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I'm using YARD to generate docs for my rails app with makrdown as the script parser. Most of the documentation features just work great right out of the box. However, I'd also like to document the model attributes to one, record the list of available attributes on a model and two, to describe their semantic meaning.

I wasn't able to find any special support for this in YARD and I'm basically left with simply listing out the attributes in the class comments. Is there a way to document the dynamically generated model attributes so that they appear in the documentation like standard attributes/methods?

P.S. I've used the annodate-models gem to generate a basic schema dump at the top of the class listing but that's not really what I want.

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2 Answers 2

up vote 8 down vote accepted

After quite a while searching around, I punted and manually added the documentation for the attributes to the model files. This is certainly not ideal, but hopefully the model structure won't change a whole lot.

I created a .yardopts file for the project and used the yard command-line options to create two new tags for marking these up:

--type-name-tag 'attribute:Attributes' --type-name-tag 'association:Associations'

These provide me with specific tags for marking up the attributes and associations; they will show up grouped under the "Attributes" and "Associations" headings in the documentation. I can add this:

# @attribute name [String] The name of the object
# @association relatedObjs [Array<AnotherClass>] Objects needed to perform a certain function

Maybe someone will write a plugin for YARD that will parse out the annotate-models output.

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This looks promising. I've already forked the annotae-models gem to add additional formats. This might just be the way to go. Can you include the full command line and .yardopts file in a github repository? –  Paul Alexander Apr 11 '11 at 17:18
YES! Just put all of the command-line options that you would use into the .yardopts file in your project root. Then all you have to do is run yardoc from your project root. I'd be interested to see what you come up with from the annotate-models code. There was an interesting fork that someone had that could pull comments from the MySQL tables along with the rest of the column information. That might make it even easier. –  dmkash Apr 12 '11 at 2:18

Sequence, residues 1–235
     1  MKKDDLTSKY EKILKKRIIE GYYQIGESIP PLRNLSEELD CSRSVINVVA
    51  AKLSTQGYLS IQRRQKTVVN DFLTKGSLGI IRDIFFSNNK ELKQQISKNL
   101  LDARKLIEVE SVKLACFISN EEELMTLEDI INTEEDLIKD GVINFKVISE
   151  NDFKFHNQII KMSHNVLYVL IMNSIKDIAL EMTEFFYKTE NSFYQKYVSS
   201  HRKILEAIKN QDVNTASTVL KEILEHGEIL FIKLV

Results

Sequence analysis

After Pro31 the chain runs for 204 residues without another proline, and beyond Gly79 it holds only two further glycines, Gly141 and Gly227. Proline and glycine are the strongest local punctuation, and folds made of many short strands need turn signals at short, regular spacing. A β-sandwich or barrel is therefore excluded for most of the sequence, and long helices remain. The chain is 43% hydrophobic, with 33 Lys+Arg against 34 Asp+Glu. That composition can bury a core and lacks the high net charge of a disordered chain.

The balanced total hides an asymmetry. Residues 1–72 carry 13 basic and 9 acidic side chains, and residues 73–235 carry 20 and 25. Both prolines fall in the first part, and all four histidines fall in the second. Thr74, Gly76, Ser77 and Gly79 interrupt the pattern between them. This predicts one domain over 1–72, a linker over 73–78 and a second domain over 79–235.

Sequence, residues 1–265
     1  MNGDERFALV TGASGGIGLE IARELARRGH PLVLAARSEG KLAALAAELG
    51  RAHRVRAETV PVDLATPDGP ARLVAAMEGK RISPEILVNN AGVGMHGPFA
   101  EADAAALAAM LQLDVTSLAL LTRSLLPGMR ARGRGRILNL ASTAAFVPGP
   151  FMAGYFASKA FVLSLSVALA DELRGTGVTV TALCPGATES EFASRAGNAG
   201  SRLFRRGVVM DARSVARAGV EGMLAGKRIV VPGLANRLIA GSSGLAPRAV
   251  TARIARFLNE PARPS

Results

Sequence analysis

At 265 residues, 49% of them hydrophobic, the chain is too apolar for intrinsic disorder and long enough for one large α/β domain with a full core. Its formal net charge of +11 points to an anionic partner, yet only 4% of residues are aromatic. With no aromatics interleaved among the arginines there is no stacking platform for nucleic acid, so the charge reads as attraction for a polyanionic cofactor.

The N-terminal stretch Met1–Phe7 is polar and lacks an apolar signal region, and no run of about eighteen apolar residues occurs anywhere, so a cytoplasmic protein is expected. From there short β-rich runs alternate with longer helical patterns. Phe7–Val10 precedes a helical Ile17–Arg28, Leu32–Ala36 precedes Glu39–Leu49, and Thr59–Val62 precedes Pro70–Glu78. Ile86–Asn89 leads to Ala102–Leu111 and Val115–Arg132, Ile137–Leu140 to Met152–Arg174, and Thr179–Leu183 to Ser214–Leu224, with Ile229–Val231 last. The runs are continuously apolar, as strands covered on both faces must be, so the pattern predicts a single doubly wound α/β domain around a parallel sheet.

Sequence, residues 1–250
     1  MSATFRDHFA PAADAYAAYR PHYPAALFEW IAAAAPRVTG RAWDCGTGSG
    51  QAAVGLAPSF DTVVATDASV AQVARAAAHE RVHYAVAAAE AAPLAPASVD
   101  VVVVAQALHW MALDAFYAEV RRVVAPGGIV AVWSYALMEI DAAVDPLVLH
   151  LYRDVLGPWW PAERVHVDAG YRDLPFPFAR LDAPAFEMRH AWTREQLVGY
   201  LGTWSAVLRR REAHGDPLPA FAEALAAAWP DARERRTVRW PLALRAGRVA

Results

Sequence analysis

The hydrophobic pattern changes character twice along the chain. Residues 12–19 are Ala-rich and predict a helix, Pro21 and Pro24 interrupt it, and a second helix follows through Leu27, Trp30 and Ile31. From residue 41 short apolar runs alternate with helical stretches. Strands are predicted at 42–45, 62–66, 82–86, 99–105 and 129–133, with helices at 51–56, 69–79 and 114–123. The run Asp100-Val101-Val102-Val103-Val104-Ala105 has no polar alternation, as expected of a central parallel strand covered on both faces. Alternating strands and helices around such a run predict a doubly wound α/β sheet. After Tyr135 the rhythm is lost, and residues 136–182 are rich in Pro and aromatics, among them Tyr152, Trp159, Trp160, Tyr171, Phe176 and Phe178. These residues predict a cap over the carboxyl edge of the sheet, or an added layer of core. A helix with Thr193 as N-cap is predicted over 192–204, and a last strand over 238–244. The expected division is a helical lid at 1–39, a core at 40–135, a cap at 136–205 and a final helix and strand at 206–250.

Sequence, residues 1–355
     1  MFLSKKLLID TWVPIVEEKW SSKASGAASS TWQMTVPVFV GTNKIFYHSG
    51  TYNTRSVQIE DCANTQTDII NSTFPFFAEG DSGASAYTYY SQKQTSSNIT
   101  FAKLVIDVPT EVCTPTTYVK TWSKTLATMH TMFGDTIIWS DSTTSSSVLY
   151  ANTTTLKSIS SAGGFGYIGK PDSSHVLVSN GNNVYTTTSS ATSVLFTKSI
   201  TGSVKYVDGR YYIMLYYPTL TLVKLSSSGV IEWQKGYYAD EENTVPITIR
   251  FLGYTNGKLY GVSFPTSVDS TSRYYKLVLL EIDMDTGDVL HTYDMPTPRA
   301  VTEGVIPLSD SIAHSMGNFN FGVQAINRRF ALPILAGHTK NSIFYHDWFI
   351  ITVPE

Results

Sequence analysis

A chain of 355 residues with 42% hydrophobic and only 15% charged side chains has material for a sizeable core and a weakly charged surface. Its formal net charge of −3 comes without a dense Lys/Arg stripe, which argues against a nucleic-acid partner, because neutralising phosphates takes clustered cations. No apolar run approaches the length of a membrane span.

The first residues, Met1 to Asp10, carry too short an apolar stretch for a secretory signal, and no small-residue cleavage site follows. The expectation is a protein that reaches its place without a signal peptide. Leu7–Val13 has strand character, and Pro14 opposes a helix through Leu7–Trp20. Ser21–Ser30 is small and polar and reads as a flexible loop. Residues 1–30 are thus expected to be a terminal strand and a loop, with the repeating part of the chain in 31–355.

This looks promising, but it seems YARD ignores the [Type]?! Have you come up with any other solution? How well did this work out for you? –  Joshua Muheim Jul 26 '12 at 14:36
I found a better solution, see my answer below. –  Joshua Muheim Jul 26 '12 at 15:45

It seems that YARD now has its own @!attribute (notice the exclamation mark) tag for this purpose:



class Task < ActiveRecord::Base
  # @!attribute name
  #   @return [String] The name of the task.

  # @!attribute description
  #   @return [String] The description of the task.

  # @!attribute active
  #   @return [Boolean] Marks whether the task is active or not.

This will result in nice documentation of your attributes. The only thing to watch out is that you always keep your documentation up to date because nobody will check whether you remove an attribute from your documentation when you deleted it from the database, etc.

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That's the solution I used, but it has the problem that YARD shows Task#name=, Task#description= and Task#active= as undocumented, so I don't know how to get my documentation back up to 100%. –  digitig Apr 1 at 10:54
I ended up just duplicating the docs for setters. Is there a better solution? @!attribute description= –  GreenEggs Aug 6 at 21:58

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